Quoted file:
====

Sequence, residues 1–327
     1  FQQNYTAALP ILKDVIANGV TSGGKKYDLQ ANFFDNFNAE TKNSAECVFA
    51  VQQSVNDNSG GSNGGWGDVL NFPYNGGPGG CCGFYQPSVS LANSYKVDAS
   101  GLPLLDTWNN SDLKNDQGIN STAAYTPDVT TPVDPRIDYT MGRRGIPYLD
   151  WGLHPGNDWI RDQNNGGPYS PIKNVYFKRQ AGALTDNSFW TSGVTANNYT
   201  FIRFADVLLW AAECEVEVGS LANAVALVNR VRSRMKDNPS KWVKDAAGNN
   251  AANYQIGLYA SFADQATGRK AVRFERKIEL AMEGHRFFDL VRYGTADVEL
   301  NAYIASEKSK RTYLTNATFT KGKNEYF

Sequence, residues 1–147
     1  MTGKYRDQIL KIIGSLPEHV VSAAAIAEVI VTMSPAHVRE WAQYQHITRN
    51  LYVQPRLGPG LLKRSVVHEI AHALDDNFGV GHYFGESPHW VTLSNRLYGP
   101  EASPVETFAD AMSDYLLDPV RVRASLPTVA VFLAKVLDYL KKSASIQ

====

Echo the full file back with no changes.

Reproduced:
Sequence, residues 1–327
     1  FQQNYTAALP ILKDVIANGV TSGGKKYDLQ ANFFDNFNAE TKNSAECVFA
    51  VQQSVNDNSG GSNGGWGDVL NFPYNGGPGG CCGFYQPSVS LANSYKVDAS
   101  GLPLLDTWNN SDLKNDQGIN STAAYTPDVT TPVDPRIDYT MGRRGIPYLD
   151  WGLHPGNDWI RDQNNGGPYS PIKNVYFKRQ AGALTDNSFW TSGVTANNYT
   201  FIRFADVLLW AAECEVEVGS LANAVALVNR VRSRMKDNPS KWVKDAAGNN
   251  AANYQIGLYA SFADQATGRK AVRFERKIEL AMEGHRFFDL VRYGTADVEL
   301  NAYIASEKSK RTYLTNATFT KGKNEYF

Sequence, residues 1–147
     1  MTGKYRDQIL KIIGSLPEHV VSAAAIAEVI VTMSPAHVRE WAQYQHITRN
    51  LYVQPRLGPG LLKRSVVHEI AHALDDNFGV GHYFGESPHW VTLSNRLYGP
   101  EASPVETFAD AMSDYLLDPV RVRASLPTVA VFLAKVLDYL KKSASIQ